The global economy thrives on globalization and the increasing interdependence of finance, production, consumption and trade. Such integration has reduced poverty, yet varying national policies along with ever-increasing speed of transactions and market news have also contributed to imbalances, both among nations and within. Regulations often do not keep pace in managing cross-border debt, foreign direct investment, corporate practices, tax codes or economic bubbles. The eurozone crisis and the US subprime mortgage crisis have demonstrated that one nation’s problems and panic can spread like wildfire. Nations must combine a competitive spirit with cooperation to achieve stable economic growth and sustainable prosperity.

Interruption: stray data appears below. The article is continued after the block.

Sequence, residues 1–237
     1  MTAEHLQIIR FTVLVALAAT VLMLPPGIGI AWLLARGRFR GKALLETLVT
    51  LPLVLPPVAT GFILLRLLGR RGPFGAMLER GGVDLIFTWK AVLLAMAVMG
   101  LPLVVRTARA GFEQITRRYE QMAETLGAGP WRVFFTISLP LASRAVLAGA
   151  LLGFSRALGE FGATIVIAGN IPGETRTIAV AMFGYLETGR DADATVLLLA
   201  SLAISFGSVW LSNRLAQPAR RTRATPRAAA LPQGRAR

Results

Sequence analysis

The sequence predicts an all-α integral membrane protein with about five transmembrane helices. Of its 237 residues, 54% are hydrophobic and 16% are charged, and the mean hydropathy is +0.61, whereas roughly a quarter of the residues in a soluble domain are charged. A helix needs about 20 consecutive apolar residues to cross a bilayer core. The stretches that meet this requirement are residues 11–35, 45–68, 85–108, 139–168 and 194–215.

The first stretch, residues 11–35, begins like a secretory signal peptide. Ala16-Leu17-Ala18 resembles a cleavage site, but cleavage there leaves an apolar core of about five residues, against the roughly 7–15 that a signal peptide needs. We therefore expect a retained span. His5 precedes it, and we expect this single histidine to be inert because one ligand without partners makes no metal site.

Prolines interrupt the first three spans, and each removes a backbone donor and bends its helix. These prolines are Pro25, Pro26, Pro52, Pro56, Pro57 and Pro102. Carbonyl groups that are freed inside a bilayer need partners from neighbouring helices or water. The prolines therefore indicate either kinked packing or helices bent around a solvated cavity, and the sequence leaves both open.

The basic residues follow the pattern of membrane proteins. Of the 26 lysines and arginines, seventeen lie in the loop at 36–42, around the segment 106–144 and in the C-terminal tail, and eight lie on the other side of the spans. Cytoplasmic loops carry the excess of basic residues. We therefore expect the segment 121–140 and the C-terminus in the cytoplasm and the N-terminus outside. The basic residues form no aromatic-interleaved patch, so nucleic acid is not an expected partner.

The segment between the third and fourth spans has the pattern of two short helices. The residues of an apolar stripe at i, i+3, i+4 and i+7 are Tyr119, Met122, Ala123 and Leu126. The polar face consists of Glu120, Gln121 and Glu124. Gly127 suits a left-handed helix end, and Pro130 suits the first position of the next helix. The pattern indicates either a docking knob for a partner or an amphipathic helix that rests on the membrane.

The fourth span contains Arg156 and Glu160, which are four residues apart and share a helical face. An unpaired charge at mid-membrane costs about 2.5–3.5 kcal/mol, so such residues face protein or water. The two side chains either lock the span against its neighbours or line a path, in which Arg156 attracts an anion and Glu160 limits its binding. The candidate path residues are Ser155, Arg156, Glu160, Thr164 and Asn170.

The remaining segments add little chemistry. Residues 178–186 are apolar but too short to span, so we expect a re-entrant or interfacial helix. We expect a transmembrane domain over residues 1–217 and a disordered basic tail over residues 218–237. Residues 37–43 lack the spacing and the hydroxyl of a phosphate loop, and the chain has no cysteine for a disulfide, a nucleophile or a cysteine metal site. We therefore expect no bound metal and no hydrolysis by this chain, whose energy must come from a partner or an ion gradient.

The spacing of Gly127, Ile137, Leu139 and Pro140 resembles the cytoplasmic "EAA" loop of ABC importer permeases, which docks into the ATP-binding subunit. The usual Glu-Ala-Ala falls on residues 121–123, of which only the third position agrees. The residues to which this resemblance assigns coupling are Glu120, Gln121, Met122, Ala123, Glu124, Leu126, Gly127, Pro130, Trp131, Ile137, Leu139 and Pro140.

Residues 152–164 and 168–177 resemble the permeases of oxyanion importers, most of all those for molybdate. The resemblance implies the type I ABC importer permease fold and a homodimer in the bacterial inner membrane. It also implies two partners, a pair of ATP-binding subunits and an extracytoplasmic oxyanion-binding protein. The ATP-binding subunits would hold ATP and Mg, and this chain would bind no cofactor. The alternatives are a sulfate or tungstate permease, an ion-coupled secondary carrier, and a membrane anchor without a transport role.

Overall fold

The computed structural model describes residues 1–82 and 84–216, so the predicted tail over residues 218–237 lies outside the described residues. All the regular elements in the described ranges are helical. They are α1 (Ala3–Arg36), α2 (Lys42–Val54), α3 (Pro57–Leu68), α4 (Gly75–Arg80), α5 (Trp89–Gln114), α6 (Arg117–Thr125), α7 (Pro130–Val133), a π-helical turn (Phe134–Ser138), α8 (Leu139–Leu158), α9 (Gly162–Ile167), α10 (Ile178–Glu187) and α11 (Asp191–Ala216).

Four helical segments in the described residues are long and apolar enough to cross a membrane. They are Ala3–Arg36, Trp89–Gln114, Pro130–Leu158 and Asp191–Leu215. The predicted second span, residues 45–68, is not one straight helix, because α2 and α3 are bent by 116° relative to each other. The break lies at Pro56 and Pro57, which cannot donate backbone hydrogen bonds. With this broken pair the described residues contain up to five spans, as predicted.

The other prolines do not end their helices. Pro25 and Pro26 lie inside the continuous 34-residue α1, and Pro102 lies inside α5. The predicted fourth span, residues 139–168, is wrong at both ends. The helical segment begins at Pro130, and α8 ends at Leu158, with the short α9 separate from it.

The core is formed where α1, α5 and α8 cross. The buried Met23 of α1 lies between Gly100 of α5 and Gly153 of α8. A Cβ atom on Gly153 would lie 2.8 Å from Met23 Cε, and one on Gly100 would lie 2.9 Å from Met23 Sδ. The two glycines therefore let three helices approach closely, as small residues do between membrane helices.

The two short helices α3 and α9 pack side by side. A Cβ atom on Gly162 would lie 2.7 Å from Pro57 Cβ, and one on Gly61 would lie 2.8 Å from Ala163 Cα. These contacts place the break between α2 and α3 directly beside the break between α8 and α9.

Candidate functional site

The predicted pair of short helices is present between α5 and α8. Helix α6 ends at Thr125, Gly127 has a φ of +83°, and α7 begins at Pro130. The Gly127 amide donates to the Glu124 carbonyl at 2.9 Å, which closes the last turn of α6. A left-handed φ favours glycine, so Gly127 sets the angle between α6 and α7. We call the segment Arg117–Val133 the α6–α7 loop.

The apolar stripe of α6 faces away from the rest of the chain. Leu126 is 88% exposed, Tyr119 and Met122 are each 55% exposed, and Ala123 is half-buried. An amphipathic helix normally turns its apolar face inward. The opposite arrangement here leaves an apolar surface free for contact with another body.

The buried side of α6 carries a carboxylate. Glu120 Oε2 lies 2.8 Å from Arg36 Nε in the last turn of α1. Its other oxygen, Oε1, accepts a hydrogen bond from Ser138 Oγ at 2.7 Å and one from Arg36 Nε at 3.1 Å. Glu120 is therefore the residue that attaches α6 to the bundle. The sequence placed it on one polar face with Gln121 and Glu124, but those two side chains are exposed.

Darwin’s Recessionary Tip: Act Like a Beetle

Response to change could be more crucial than strength or intelligence
Jonathan Guthrie
January 12, 2009

A Development Nightmare

What if poor nations actually caught up with rich ones?
Kenneth Rogoff
February 16, 2004

Europe Fears Civil Unrest

Failing to control economic decline, leaders discuss handling citizen anger and possible protests
Peter O'Neil
January 26, 2009

Singapore Hooked on External Demand

Foreign reserves aided by exports, but for how long?
Eddie Lee
February 17, 2004

Outsourcing’s Appeal Grows During Volatile Times

Hiring outsiders allows businesses to specialize and remain flexible to fast-changing economic conditions
Melanie Rodier
January 23, 2009